I use 3" 10-32 machine screws with the cap end cut off as an arbor to screw the body stock onto then set the arbor in the dremel. To shape initially I use the lowest setting using medium sheetrock sanding screen. Once the basic shape comes around I slip a 1/2" long piece of 1/8" square balsa in the top end of the blank and measure the blank from the bottom to 1 1/2" and make a black line, then power up to about 4  and use a fine hacksaw blade to trim the top end off while the dremel is running. Zip. Quick clean cut off then set out to get the rough shape dialed in using the sheetrock screen. When I think its about 90% where I want it I switch to 220 grit sandpaper on the #4 setting to finish it. It takes all of three/four minutes to do this.

Once all the bodies are shaped I cut, drill and mark the rods and epoxy them in place using 20 minute epoxy. I use a toothpick to help poke epoxy into the hole and generously coat the upper end of the stem that goes into the float . Slide the rod up to the 3/4" mark and wipe off the excess epoxy and lay the float down until the glue has set/cured. I use thinned  clear vinyl lure coat to seal the float bodies, dipping right up to the stem, hanging and tapping off the excess. The clear is thinned at a rate of about 2 ounces of paint to 5 ounces of lacquer thinner. The clear sealer needs to be very thin so it soaks into the wood. I do two coats. Then using the vinyl white, flame red and yellow chartreuse colors, again thinned well, I dip and tap and hang starting with one coat of white, another coat of yellow then a top coat of the flame. I like a large band of yellow as it stands out against the dark waterline. The flame is a super top color and is visible way further than you can cast.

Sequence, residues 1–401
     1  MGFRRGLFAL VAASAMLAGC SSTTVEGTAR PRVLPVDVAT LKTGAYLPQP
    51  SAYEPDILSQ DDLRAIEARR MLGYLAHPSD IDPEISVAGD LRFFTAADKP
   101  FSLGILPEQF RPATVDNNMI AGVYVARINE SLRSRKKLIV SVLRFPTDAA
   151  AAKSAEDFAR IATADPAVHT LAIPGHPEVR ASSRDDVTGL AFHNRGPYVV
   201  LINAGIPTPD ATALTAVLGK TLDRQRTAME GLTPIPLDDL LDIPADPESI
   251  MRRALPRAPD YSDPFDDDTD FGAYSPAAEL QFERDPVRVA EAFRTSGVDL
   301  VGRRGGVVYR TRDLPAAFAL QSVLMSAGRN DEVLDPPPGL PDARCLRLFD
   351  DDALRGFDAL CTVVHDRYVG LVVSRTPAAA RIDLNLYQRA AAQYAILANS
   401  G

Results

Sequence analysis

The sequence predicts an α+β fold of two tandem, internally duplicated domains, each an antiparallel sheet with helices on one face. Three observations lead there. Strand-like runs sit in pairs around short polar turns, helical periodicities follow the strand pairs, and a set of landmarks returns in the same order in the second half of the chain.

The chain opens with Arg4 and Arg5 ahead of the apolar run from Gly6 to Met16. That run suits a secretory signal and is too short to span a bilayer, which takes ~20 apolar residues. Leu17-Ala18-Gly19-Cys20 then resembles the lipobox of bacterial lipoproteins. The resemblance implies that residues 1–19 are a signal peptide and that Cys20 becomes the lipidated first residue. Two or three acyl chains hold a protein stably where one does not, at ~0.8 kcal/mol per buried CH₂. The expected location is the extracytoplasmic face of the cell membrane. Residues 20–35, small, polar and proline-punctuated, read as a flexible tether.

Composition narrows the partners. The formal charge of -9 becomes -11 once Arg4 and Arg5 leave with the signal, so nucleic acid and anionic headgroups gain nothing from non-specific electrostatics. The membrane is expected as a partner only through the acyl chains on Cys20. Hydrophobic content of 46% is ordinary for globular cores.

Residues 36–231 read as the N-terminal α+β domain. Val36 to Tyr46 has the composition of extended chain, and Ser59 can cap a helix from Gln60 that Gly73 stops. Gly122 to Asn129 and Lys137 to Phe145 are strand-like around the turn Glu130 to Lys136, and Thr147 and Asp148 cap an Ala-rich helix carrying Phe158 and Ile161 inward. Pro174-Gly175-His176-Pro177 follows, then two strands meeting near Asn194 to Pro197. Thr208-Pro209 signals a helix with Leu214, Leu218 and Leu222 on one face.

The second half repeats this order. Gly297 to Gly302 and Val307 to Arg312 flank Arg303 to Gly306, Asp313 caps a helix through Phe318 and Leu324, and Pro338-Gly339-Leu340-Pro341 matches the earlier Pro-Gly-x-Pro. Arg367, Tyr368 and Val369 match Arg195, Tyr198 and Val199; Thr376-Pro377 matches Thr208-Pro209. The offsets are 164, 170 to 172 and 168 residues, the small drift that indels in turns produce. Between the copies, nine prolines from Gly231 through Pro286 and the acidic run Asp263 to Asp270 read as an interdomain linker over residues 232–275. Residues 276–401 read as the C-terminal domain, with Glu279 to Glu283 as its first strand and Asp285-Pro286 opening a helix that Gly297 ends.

I use 4" X1/4" balsa cut to 12" length. I then cut the 1/4 X1/8 stock as needed. I use aluminum 1/8" rod as a spacer when I lay out my first side of the body stock and use T-pins to hold the 1/8" strips in place with a metal rod between two strips. I alternate strip, rod, strip until I am out of room for more strips. I gently pull the rods and move over to continue. Once the glue has set up a bit I pull the pins carefully, apply the glue to the top piece, then sandwich the balsa between two pieces of 1X4 pine a foot long each and use hand clamps to tighten things down until all the glue is dried. I use a straightedge and a utility knife to split the stock into 5/8" square X 12" length, then mark into 1 5/8" sections and cut off using a hack saw blade.